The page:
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In this article, the writer notes that Upton Sinclair's 1908 novel 'The Jungle' reflects the burgeoning interest in Marxism and socialism in the US that took root during the Industrial Revolution. Moreover, the writer points out that the novel testifies to the disillusionment with the American Dream experienced by scores of immigrants like the Lithuanian family in Sinclair's novel. The writer discusses that, in the novel, Jurgis Rudkus's transition from idealistic young immigrant to a convict also exemplifies conflict theory. The corruption in business and city politics are the source of Jurgis' deviant behaviors: his heavy drinking and his repeated criminal assaults. The writer maintains that the class conflicts that Sinclair describes in 'The Jungle' are irreconcilable without wholesale changes to the structures and institutions that govern social norms in America.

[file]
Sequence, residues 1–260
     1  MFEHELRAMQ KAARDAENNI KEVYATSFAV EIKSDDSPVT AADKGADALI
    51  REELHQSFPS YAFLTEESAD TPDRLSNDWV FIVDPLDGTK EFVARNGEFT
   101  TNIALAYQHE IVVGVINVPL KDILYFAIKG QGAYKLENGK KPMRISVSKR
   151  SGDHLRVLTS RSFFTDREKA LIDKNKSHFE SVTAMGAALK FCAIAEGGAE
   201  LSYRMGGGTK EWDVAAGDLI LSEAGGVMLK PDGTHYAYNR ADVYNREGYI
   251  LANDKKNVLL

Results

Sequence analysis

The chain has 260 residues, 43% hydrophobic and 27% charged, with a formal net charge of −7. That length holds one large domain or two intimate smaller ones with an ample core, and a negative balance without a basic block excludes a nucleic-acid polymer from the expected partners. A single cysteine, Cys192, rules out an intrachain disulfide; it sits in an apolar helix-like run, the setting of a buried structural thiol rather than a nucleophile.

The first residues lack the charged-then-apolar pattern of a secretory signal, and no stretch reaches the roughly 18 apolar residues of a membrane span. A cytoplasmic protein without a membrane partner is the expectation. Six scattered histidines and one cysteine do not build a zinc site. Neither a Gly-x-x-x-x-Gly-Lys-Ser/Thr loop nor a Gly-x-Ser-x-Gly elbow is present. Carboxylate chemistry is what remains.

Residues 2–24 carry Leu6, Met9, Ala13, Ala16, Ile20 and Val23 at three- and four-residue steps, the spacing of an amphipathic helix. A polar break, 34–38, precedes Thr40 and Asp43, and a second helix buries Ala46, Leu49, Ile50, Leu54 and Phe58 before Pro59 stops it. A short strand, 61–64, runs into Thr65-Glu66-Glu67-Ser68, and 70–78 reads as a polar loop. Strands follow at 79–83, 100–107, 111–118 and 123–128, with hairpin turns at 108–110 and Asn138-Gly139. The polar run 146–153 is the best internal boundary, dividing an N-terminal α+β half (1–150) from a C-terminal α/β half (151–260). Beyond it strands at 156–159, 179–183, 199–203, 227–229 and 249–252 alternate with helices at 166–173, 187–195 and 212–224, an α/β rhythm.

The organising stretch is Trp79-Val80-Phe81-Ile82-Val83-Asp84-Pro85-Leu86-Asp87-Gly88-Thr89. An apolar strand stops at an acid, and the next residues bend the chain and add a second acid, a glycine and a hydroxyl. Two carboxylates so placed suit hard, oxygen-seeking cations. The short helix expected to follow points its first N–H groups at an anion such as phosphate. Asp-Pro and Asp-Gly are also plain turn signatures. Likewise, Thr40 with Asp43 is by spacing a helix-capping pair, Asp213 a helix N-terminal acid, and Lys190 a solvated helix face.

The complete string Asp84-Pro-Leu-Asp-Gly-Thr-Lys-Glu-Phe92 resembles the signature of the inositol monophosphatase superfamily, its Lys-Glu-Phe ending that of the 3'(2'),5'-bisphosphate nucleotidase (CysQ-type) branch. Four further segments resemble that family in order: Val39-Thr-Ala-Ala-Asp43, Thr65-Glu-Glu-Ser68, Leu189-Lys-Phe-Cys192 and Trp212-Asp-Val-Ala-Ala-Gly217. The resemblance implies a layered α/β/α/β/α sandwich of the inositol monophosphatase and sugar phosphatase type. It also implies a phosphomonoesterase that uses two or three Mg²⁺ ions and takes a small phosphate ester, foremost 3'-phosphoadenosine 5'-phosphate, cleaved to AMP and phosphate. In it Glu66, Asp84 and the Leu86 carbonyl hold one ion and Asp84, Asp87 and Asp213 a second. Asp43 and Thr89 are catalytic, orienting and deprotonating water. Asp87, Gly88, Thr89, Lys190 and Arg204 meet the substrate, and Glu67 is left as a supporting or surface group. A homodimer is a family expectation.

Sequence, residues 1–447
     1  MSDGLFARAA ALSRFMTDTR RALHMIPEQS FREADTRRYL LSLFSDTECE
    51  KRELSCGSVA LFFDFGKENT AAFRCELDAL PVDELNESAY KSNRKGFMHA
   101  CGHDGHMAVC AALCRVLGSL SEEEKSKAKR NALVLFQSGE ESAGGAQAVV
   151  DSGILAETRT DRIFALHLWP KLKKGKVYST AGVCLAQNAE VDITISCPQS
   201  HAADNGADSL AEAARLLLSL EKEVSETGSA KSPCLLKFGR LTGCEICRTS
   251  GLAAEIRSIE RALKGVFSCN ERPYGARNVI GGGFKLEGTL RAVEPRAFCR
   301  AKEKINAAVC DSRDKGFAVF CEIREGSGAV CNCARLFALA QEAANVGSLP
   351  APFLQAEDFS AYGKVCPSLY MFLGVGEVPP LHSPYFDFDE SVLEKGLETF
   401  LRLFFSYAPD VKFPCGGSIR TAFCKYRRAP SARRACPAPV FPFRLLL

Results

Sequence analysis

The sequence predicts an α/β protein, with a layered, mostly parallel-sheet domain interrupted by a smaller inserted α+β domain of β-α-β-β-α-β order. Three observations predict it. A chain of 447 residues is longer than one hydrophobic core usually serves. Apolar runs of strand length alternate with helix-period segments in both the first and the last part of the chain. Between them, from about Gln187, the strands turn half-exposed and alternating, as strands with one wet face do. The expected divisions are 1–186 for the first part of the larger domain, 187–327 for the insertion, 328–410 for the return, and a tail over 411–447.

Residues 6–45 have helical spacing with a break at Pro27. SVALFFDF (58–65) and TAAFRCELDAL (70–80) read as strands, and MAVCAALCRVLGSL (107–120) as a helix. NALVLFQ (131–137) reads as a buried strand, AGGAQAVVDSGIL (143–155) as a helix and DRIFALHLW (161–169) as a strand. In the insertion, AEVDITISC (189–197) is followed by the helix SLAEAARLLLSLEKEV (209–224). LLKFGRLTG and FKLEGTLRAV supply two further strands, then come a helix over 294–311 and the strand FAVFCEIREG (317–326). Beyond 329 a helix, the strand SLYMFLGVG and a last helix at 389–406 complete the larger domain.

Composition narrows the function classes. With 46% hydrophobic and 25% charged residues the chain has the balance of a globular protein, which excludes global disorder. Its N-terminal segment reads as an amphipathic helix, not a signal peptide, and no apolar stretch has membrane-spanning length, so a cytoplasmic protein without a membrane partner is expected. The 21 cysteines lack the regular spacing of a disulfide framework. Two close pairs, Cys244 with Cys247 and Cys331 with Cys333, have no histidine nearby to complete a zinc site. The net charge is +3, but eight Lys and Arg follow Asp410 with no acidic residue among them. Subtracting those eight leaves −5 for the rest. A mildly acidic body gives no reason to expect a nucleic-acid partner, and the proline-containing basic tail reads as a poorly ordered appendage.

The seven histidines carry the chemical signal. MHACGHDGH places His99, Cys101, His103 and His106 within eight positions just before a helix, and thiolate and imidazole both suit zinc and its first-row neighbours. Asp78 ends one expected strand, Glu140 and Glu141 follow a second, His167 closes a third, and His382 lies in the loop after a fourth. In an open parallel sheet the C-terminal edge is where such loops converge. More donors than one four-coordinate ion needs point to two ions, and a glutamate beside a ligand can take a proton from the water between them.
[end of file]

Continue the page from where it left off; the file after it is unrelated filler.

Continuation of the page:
Sample of Sources Used:
- Sinclair, Upton. The Jungle, 1908.
Cite this Book Review:
'The Jungle' (2008, November 30) Retrieved March 08, 2021, from https://www.academon.com/book-review/the-jungle-109419/
"'The Jungle'" 30 November 2008. Web. 08 March. 2021. <https://www.academon.com/book-review/the-jungle-109419/>